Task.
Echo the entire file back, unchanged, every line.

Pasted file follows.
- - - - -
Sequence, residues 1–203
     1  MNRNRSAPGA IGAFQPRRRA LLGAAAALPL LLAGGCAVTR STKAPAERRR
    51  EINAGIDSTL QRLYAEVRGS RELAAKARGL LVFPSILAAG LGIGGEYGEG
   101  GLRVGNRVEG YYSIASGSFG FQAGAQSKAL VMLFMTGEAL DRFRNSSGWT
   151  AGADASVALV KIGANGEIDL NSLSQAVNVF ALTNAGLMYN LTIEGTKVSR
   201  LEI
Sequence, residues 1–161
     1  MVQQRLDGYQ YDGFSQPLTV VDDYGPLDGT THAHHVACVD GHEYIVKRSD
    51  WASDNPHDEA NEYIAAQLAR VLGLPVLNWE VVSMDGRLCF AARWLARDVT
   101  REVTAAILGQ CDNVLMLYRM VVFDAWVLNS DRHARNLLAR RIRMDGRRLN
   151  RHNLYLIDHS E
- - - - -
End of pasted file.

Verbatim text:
Sequence, residues 1–203
     1  MNRNRSAPGA IGAFQPRRRA LLGAAAALPL LLAGGCAVTR STKAPAERRR
    51  EINAGIDSTL QRLYAEVRGS RELAAKARGL LVFPSILAAG LGIGGEYGEG
   101  GLRVGNRVEG YYSIASGSFG FQAGAQSKAL VMLFMTGEAL DRFRNSSGWT
   151  AGADASVALV KIGANGEIDL NSLSQAVNVF ALTNAGLMYN LTIEGTKVSR
   201  LEI
Sequence, residues 1–161
     1  MVQQRLDGYQ YDGFSQPLTV VDDYGPLDGT THAHHVACVD GHEYIVKRSD
    51  WASDNPHDEA NEYIAAQLAR VLGLPVLNWE VVSMDGRLCF AARWLARDVT
   101  REVTAAILGQ CDNVLMLYRM VVFDAWVLNS DRHARNLLAR RIRMDGRRLN
   151  RHNLYLIDHS E